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  • Does everybody think about suicide at least once in their lifetime?

    At some point in their lives, most people have at least fleeting thoughts of suicide, especially in times of personal crisis but it does not mean a person will die by suicide.
  • Do more men or women make attempts on their lives?

    Although about three times as many women attempt suicide than do men, about four times as many men complete suicide than do women. This is due to the fact that men use more lethal methods, such as guns or hanging, while women are more likely to attempt suicide by using pills.
  • What are the most common methods used by teenagers to attempt or complete suicides?

    Lethal methods for attempting suicide by teenagers include guns, hanging, carbon monoxide, jumping, and drug overdoses. Auto accidents account for many deaths, but it is often difficult to determine whether the death is suicide or an accident.
  • Why do some people keep secret the fact of a suicide in the family?

    Some people keep the fact of suicide in the family a secret out of fear of being blamed or socially ostracized. Fortunately today, much of the historical stigma of suicide is lifting and people are dealing with suicidal death more directly and honestly.
  • What effects does a suicide have on the individual's remaining family and friends?

    The survivors of a suicide are left with complex and often confusing feelings of rage, guilt, despair, grief, loss, shame, etc. Recovery from the loss of a loved one by suicide is a very difficult form of grief to resolve, and may never be completely resolved. It has been estimated that every suicide, on average, has a direct, profound emotional impact on 8 to 12 other people. With some 30,000 suicides each year in the EU, there are consequently a huge number of emotionally impacted "suicide survivors".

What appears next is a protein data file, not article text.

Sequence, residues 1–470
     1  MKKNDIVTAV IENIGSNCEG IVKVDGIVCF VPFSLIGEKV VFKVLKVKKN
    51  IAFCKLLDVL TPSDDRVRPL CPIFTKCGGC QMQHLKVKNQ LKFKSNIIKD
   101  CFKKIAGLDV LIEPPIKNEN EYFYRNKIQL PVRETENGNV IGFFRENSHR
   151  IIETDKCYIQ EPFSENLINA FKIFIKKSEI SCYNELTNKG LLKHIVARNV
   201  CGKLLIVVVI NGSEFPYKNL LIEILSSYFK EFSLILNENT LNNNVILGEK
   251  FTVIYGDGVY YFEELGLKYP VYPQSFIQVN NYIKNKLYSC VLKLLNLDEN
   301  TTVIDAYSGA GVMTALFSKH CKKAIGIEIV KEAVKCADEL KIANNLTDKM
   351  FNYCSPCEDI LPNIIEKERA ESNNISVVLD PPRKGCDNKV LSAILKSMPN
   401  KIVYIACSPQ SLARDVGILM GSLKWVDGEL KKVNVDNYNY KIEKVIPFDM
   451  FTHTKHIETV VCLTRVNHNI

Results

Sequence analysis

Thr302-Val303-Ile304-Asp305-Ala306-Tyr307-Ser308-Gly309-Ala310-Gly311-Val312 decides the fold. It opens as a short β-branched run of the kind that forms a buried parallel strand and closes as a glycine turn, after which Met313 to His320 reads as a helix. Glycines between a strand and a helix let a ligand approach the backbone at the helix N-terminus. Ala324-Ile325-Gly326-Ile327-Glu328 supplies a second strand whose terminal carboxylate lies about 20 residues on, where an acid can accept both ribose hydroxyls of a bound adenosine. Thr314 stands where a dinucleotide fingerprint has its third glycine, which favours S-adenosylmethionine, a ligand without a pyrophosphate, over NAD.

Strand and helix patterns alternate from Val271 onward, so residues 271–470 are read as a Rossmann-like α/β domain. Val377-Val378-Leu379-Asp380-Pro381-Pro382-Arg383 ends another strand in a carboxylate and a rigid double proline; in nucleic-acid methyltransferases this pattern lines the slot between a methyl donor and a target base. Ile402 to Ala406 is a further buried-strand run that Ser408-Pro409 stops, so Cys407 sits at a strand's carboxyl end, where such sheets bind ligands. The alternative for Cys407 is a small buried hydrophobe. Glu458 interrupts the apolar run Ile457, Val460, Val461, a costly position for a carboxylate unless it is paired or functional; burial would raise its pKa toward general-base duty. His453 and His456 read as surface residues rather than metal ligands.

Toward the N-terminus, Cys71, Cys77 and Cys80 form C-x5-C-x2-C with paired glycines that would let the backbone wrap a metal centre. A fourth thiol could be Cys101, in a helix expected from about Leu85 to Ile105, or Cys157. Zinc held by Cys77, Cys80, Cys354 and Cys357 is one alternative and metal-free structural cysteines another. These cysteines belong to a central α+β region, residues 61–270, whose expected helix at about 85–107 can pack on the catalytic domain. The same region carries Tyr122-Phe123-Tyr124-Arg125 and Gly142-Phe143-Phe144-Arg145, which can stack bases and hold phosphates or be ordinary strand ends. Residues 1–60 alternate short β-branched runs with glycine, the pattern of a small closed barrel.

• Is suicide or attempted suicide against the law?

    At one time suicide or attempted suicide was against the law. In some countries it has only been within the last 20 years that suicide has ceased to be a crime.
  • How does talking about suicide help to prevent it?

    Talking about suicide diffuses some of the intensity of suicidal feelings. It helps the person get connected to the help that may be needed. It creates a climate of caring and helps to break through the loneliness and isolation a person may be experiencing. By asking someone in crisis if they are suicidal, we give that person permission to talk about possible suicidal feelings, about which they may otherwise feel they cannot, or should not, talk about.
  • How can one help a person who is suicidal?

    A person who feels that life is too painful is often feeling very worthless, perhaps unloved, perhaps isolated Showing such individuals some real caring, by listening to them, accepting their feelings without judgment, by staying close, and getting others to be supportive, can really help. Giving time and really listening to someone in crisis is critical. It may be important to refer the person to a professional medical or mental health worker at some point.
  • Is it true that gay teenagers are at higher risk for suicide than teenagers in general?

    Studies in the US indicate that gay, lesbian and bisexual youth account for some 30% of all youth suicides, yet constitute only about 10% of the total youth population. Thus, it is clear that such youth are at much higher risk for suicide than the youth population as a whole.
  • Is a person who attempts suicide mentally ill?

    All suicidal individuals are not necessarily mentally ill, though many people who attempt or complete suicide may have symptoms of mental illness, the most common being some form of depression. It is important to note that most depression is of a temporary nature and is treatable.